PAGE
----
The FBI National Instant Criminal Background Check System Processes the 50 Millionth Transaction
|Washington, D.C. September 20, 2004|
The FBI National Instant Criminal Background Check System (NICS) processed the 50 millionth transaction at 11:24 a.m. on September 20, 2004. The transaction was processed at the FBI NICS Section in Clarksburg, West Virginia.
This transaction originated from a Federal Firearms Licensee (FFL) in Texas. The individual had an outstanding warrant for aggravated assault, which was posted on the National Crime Information Center System on September 19, 2004. An FBI NICS employee contacted the Sheriff’s Office who verified the warrant was active. The individual has been arrested previously on various charges including aggravated kidnaping and aggravated assault with a deadly weapon.
The NICS was established as a result of the Brady Handgun Violence Prevention Act of 1993 and has been in existence since November 30, 1998. The NICS is utilized by FFLs to conduct background checks on potential purchasers or possessors of firearms. The FFLs contact the NICS Call Center or Point Of Contact states to initiate a background check. The purpose of the background check is to search for the existence of a prohibitor that would disqualify a potential purchaser or possessor pursuant to Title 18, United States Code, Section 922, (g) or (n) or state law. There are nine federal prohibitors, in addition to various state prohibitors, that would disqualify a potential purchaser or possessor. The NICS is a name check system only. Descriptive data provided by a prospective firearms purchaser or possessor is searched and verified against the records contained in the National Crime Information Center (NCIC), the Interstate Identification Index (III), and the NICS Index.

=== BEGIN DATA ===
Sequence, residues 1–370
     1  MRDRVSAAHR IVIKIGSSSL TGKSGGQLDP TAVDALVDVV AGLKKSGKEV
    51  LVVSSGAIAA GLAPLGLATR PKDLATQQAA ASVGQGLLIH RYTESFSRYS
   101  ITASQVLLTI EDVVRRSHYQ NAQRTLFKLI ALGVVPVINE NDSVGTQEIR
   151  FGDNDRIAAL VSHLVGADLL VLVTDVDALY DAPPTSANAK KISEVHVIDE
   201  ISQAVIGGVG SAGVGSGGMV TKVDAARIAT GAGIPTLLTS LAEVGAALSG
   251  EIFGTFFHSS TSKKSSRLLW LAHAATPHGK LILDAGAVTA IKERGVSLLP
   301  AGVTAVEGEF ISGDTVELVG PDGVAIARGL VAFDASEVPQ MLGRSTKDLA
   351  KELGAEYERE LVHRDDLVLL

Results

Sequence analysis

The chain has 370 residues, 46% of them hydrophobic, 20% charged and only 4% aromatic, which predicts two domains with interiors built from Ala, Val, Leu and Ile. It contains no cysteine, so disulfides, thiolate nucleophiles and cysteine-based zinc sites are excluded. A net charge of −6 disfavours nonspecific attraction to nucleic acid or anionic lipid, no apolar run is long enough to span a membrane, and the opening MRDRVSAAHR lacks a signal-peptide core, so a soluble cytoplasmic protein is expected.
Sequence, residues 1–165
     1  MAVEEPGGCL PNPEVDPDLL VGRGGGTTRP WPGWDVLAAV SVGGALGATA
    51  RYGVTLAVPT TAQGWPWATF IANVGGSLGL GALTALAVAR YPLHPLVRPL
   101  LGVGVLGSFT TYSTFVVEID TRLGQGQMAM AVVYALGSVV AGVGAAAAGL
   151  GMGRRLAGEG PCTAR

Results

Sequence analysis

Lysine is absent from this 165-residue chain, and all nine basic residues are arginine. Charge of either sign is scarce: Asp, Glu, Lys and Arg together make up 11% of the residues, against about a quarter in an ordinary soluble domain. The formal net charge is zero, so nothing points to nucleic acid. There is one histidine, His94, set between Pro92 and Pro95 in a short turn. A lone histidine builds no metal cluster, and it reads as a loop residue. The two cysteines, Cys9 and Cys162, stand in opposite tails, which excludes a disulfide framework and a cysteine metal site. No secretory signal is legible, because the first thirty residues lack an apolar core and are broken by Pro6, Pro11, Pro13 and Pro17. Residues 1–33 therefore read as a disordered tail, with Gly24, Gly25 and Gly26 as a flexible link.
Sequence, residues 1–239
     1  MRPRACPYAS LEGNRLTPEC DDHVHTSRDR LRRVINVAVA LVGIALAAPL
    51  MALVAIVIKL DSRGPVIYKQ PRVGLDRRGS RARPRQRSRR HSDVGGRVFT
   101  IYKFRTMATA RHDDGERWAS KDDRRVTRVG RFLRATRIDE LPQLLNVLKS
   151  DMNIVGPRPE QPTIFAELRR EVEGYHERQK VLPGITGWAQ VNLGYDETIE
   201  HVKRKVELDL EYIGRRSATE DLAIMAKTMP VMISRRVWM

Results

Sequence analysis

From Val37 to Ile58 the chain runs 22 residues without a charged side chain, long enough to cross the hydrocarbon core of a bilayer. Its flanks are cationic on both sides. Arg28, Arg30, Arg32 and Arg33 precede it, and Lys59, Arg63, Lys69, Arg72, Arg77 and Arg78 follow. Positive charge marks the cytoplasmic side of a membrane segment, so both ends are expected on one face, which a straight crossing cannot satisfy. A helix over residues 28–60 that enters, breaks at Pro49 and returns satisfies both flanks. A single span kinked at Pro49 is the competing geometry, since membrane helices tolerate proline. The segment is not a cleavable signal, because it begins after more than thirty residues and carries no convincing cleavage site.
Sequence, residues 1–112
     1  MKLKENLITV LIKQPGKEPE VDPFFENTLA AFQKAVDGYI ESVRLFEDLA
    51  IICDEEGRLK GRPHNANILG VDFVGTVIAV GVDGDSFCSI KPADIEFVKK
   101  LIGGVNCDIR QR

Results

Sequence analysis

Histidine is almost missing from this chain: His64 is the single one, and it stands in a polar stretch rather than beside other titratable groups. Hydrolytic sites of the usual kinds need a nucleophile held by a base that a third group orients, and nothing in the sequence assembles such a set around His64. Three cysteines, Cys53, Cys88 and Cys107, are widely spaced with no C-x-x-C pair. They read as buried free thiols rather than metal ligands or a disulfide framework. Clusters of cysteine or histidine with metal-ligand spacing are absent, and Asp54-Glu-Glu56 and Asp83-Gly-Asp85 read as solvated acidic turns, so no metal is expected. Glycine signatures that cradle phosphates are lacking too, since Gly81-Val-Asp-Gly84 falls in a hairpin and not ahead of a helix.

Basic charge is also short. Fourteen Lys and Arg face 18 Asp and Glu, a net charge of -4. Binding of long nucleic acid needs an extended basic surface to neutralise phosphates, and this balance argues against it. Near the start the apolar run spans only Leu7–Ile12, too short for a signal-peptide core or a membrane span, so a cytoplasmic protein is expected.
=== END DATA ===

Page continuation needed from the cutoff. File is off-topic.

There have been a total of 378,986 potential purchasers denied by the FBI NICS Section since November 30, 1998. The majority of the denials (333,982) were due to the potential purchasers/possessors having criminal histories such as felony convictions, domestic violence convictions, and drug abuse. Additional prohibitive criteria includes but is not limited to Fugitives from Justice (13,147), Illegal/Unlawful Aliens (4,429) and Domestic Violence Restraining Orders (16,867).
The FBI NICS Section continually strives to improve the immediate response rate to FFLs regarding subject eligibility. In 2004, the FBI NICS Section maintained an immediate determination rate of approximately 92 percent. The remaining eight percent requires further research. Because of this response rate, an overwhelming majority of firearm background checks processed by the FBI NICS Section are resolved while the FFL is still on the telephone.